Yet again, it’s not that simple. WikiLeaks documents reveal that when he joined the Obama White House, Podesta transferred his Joule shares to an LLC controlled by his adult children. He also resumed communicating with Joule and Joule investors after leaving the White House and joining Clinton’s campaign. In fact, he received an invoice from his lawyers in April 2015 — a consent request for Dmitry Akhanov of Rusnano USA to join Joule’s board.


Here is a link to an unusual example of ballet.

Keep your eye on the dog.

Government at work

Here is a link to another example of Government at work.

New York City makes dog-sitting illegal without a kennel license.  In other words, you are not allowed to leave your dog with a friend while you go shopping.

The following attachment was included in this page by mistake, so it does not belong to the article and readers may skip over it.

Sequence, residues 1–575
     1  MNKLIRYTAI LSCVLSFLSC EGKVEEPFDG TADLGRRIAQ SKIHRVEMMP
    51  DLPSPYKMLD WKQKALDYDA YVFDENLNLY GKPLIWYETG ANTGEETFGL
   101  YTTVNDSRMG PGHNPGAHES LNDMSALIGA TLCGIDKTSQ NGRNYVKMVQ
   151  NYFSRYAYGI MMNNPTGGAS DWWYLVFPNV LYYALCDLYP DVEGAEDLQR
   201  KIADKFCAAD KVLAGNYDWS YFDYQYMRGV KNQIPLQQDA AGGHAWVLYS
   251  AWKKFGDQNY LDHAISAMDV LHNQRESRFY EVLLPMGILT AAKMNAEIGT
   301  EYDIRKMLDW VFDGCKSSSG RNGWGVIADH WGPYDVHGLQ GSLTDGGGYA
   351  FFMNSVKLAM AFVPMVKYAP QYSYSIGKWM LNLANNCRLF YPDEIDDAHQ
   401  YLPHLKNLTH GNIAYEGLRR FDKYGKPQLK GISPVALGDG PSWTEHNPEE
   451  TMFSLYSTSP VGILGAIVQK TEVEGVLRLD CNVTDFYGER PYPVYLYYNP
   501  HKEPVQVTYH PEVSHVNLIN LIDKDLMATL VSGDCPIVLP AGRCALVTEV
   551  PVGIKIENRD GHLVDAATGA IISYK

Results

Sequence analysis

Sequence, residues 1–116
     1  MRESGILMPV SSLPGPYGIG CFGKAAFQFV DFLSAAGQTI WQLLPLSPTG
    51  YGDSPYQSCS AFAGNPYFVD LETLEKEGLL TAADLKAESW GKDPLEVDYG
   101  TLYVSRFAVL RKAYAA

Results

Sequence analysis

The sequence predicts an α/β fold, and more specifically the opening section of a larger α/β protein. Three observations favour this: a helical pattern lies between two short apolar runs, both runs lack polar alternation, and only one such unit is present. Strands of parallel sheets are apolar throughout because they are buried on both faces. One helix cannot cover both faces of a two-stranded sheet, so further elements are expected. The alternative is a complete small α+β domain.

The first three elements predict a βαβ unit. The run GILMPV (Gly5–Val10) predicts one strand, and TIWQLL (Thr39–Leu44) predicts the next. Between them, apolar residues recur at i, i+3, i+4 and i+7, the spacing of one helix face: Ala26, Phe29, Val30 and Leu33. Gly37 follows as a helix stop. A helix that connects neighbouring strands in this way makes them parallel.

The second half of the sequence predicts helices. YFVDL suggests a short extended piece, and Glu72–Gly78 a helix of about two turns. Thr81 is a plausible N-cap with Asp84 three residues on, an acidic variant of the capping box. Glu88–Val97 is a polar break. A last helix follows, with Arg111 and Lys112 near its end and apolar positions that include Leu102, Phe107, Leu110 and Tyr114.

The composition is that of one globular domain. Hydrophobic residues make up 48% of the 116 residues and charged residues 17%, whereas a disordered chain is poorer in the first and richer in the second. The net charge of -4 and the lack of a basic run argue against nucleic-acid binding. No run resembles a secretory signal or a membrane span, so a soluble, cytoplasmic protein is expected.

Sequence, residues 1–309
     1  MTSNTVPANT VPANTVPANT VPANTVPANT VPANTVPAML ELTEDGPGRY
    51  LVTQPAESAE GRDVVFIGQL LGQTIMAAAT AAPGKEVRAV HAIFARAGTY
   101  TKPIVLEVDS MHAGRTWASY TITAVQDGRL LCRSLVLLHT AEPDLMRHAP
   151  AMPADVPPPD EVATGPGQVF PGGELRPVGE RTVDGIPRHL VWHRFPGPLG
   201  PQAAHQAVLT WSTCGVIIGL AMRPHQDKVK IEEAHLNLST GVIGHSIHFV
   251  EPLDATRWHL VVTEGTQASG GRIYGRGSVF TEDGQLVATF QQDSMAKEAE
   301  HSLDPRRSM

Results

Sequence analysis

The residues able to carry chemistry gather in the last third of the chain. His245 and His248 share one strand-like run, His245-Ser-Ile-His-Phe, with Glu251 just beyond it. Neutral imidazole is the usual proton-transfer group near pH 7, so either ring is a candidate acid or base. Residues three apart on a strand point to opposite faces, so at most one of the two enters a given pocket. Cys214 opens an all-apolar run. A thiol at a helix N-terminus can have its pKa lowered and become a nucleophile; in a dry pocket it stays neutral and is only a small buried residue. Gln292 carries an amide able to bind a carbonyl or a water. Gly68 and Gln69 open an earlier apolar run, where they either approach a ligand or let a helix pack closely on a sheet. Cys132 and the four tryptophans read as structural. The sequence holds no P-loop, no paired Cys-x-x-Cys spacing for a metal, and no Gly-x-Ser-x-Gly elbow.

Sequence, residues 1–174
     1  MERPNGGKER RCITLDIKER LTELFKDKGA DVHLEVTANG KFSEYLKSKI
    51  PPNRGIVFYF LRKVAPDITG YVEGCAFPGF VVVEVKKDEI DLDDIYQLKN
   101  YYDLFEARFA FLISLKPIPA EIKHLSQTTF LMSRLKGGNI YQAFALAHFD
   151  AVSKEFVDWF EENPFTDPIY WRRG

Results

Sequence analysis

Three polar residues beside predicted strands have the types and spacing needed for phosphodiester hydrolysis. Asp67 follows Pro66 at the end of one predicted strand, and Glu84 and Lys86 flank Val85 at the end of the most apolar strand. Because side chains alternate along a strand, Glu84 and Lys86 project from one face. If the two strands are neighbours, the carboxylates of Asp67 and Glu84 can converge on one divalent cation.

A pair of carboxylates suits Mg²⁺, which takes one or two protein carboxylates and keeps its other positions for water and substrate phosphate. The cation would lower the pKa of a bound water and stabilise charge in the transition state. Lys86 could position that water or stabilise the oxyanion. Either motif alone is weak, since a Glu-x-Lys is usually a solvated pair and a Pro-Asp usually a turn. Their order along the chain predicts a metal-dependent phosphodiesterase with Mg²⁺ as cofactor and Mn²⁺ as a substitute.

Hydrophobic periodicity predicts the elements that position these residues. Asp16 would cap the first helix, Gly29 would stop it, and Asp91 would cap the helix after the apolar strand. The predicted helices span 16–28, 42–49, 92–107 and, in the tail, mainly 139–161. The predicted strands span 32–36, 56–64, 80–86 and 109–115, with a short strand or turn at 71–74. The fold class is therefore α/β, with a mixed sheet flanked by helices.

Why such a law?  Likely because it benefits kennel owners, who get more business, and benefits the City of New York, which gets fees.

Government is not your friend.

Tuesday, July 18, 2017

Fred Goldberg on Climate Change Data and Model Deficiencies

Here is a link to a talk by Fred Goldberg that puts climate change data and models in perspective.

You will learn a lot from FG's talk - and you will never trust the climate change alarmists again.

FG is on target.

Yes Virginia, it is climate hysteria - and worse, dishonesty

Here is a link to a BBC documentary, "The Great Global Warming Swindle", that puts the climate debate in perspective.